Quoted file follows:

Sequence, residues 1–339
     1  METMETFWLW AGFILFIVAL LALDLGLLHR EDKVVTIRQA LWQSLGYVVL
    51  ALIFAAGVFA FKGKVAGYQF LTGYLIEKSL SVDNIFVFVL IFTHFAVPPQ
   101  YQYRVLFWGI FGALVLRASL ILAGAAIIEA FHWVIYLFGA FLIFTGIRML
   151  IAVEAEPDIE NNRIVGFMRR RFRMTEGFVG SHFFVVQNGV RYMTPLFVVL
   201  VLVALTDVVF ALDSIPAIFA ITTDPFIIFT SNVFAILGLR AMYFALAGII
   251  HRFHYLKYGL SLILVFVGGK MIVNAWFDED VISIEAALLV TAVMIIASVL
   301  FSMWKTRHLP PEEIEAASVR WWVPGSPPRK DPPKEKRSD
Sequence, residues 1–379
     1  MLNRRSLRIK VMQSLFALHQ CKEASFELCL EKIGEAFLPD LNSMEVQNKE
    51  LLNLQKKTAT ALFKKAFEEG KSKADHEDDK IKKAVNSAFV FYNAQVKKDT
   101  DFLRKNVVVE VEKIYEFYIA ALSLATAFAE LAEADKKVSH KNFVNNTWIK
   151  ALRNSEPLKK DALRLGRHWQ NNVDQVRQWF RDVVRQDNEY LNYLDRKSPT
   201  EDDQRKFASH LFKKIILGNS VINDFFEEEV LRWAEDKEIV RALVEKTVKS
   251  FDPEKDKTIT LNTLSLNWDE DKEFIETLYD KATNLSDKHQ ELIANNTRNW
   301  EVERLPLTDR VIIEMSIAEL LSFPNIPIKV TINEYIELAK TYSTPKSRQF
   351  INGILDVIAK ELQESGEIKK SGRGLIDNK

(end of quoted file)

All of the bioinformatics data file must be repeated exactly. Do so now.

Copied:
Sequence, residues 1–339
     1  METMETFWLW AGFILFIVAL LALDLGLLHR EDKVVTIRQA LWQSLGYVVL
    51  ALIFAAGVFA FKGKVAGYQF LTGYLIEKSL SVDNIFVFVL IFTHFAVPPQ
   101  YQYRVLFWGI FGALVLRASL ILAGAAIIEA FHWVIYLFGA FLIFTGIRML
   151  IAVEAEPDIE NNRIVGFMRR RFRMTEGFVG SHFFVVQNGV RYMTPLFVVL
   201  VLVALTDVVF ALDSIPAIFA ITTDPFIIFT SNVFAILGLR AMYFALAGII
   251  HRFHYLKYGL SLILVFVGGK MIVNAWFDED VISIEAALLV TAVMIIASVL
   301  FSMWKTRHLP PEEIEAASVR WWVPGSPPRK DPPKEKRSD
Sequence, residues 1–379
     1  MLNRRSLRIK VMQSLFALHQ CKEASFELCL EKIGEAFLPD LNSMEVQNKE
    51  LLNLQKKTAT ALFKKAFEEG KSKADHEDDK IKKAVNSAFV FYNAQVKKDT
   101  DFLRKNVVVE VEKIYEFYIA ALSLATAFAE LAEADKKVSH KNFVNNTWIK
   151  ALRNSEPLKK DALRLGRHWQ NNVDQVRQWF RDVVRQDNEY LNYLDRKSPT
   201  EDDQRKFASH LFKKIILGNS VINDFFEEEV LRWAEDKEIV RALVEKTVKS
   251  FDPEKDKTIT LNTLSLNWDE DKEFIETLYD KATNLSDKHQ ELIANNTRNW
   301  EVERLPLTDR VIIEMSIAEL LSFPNIPIKV TINEYIELAK TYSTPKSRQF
   351  INGILDVIAK ELQESGEIKK SGRGLIDNK